Guy Gunaratne is the College’s 26th Visiting Fellow Commoner in the Creative Arts. In May 2018 he was awarded the International Dylan Thomas Prize for his debut novel In Our Mad and Furious City.Guy Gunaratne is writing his second book and a play while at Trinity
He also won the Jhalak Prize, which celebrates work by British/British resident BAME writers and the Authors’ Club Best First Novel Award.
Gunaratne has also worked as a journalist and documentary filmmaker. He gained a BA in Film and Televisions Studies at London’s Brunel University and then completed an MA in Current Affairs Journalism at City University.
His media work highlights human rights issues and he has made films about post-conflict Sri Lanka and formerly abducted child soldiers and returnees in Northern Uganda.
Trinity’s Visiting Fellow Commoners spend two years producing original work and participating in the life of the College. A new father, Gunaratne who grew up in northwest London now divides his time between the UK and Malmö, Sweden.
What’s your first book about?
In Our Mad and Furious City follows five voices living around a housing estate in North West London. The events occur after a lone-wolf terrorist attack sets off a wave of anti-Muslim marches around the city. Each voice is written in distinct regional dialect. And the themes deal with our compulsions toward extremism and how this relates to the inheritance of language and violence.
Why did you move from filmmaking to writing a book?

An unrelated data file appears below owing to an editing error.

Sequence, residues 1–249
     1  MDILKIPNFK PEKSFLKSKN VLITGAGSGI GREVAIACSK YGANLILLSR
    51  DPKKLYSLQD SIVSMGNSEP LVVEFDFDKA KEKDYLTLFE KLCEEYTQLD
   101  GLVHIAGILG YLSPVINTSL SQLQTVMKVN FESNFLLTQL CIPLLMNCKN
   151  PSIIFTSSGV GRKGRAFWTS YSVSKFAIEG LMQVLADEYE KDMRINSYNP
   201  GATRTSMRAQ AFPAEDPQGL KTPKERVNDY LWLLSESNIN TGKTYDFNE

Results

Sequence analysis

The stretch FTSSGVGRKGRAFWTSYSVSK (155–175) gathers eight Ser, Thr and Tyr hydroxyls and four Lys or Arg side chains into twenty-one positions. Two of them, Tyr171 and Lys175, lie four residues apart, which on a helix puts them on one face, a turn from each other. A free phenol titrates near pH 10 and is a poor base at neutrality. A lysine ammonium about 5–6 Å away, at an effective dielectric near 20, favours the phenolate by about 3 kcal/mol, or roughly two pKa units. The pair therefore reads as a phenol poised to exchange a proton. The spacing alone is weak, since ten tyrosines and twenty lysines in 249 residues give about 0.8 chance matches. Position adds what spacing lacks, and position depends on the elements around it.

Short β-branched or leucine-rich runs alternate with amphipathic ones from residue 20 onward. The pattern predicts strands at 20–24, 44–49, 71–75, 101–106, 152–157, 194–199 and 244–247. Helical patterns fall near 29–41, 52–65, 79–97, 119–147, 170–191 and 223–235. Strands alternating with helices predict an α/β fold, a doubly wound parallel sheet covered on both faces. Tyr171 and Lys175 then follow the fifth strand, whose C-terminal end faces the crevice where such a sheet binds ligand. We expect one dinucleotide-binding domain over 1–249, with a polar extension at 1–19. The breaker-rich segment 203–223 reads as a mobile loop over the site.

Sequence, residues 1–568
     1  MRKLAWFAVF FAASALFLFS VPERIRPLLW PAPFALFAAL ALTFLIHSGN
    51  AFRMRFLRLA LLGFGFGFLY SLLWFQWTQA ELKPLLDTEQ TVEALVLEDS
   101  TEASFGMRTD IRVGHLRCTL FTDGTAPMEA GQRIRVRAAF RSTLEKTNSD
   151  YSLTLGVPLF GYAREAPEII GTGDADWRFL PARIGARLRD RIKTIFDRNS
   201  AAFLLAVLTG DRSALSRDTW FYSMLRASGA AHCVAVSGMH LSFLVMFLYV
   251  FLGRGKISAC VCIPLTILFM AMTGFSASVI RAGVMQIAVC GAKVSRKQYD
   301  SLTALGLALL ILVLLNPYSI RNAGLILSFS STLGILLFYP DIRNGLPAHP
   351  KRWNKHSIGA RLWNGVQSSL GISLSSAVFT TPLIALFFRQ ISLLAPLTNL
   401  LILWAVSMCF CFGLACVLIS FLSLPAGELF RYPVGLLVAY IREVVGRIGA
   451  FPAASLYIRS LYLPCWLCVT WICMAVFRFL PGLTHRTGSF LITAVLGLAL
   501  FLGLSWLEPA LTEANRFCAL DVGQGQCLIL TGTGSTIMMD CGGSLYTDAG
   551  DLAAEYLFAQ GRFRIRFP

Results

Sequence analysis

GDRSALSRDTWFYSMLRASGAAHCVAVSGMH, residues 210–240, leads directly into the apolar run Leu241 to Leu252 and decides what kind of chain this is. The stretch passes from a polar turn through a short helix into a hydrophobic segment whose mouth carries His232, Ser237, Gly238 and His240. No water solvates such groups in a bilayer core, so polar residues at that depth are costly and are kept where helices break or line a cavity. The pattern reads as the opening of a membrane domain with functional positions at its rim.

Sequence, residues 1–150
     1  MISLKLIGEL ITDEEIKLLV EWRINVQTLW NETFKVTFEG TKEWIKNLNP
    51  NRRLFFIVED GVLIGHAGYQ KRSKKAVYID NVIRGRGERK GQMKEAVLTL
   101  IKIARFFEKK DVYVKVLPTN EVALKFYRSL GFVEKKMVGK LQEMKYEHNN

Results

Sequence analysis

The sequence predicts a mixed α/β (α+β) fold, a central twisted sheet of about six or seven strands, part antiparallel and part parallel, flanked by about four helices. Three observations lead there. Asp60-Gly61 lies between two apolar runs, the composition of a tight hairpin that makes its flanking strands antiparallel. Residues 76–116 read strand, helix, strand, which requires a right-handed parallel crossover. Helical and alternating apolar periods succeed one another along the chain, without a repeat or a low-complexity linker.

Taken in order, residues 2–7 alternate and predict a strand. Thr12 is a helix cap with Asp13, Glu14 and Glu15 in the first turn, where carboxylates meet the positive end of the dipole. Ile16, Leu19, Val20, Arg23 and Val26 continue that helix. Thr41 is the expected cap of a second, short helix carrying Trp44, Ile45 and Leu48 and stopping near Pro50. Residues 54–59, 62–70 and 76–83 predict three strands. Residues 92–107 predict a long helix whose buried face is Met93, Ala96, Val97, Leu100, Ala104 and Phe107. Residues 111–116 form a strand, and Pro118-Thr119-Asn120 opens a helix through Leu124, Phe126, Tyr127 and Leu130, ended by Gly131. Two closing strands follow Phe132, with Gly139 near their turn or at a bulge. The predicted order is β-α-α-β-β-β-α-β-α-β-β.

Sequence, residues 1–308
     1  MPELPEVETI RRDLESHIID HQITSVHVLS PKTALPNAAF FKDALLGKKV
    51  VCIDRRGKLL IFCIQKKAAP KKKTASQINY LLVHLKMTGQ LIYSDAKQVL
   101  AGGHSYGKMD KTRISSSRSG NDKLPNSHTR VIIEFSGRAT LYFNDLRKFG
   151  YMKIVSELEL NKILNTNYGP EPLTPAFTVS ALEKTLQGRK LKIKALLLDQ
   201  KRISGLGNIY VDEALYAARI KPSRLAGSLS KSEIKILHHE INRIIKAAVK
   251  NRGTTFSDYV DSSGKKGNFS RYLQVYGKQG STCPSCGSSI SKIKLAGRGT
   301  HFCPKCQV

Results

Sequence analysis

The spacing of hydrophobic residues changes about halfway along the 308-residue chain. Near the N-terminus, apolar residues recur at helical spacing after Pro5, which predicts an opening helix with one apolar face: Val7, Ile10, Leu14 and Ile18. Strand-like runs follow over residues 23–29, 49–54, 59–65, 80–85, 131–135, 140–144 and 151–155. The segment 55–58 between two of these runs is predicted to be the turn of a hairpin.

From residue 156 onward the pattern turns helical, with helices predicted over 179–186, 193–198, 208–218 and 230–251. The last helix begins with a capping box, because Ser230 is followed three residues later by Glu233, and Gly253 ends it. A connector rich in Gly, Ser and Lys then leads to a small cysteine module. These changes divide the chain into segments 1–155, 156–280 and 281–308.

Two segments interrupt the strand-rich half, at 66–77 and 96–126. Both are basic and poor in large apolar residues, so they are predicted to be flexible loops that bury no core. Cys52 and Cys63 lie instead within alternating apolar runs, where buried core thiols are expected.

It may be that some stories ask for different forms, I’m not sure. I know that with the first book I wanted to explore themes that would need a longer time to consider. I think in contrast with filmmaking – which is a very collaborative process and often frenetic – the slower pace of putting together a novel feels more in keeping with how I think and naturally approach things.
What were your expectations when you wrote your book? Were you expecting it to be a prize winner?
I didn’t think about much beyond the book itself as I’ve always thought anything else might have interfered. I still think that way. All the noise that happens after the novel is finished, the way it goes out into the world, how it’s received, are all things I try to maintain a healthy detachment toward. It’s a wonderful thing for the publisher and everyone else who has put their faith in the book to begin with.
Do you still want to make documentaries?
I was a video journalist and a filmmaker for the best part of my twenties. The subjects I covered were mostly human rights related. It took me off to places like Northern Uganda and Central America. While I think about that time often, I prefer being at home. Parenting is its own adventure now, plus I have another novel to write.
Can you tell us about how your life experiences have influenced your writing?
Having worked in human rights for so long, you end up developing a sensitivity around people. You learn how to listen. Many of the people I met lived in vulnerable circumstances. And as a storyteller, I think I’ve also learned how not to flinch when nearing the heart of any given story. It’s something that has followed me into my novels, as often it’s the more difficult subject matter I’m interesting in exploring.
What plans do you have for your time at Trinity?
I’ll be completing my second novel over the first year. I also have plans for a play which I’ll hopefully begin by the start of the next.
What does it mean to have been appointed as Visiting Fellow Commoner?
It’s an honour, of course. All I have ever needed is the time and space in which to write, and at Trinity I will have both. It’s also a privilege to be able to get know the city and the university. I hope to contribute to both while I’m here.
In Our Mad and Furious City is published by Headline.
Read and listen to more interviews with Guy Gunaratne.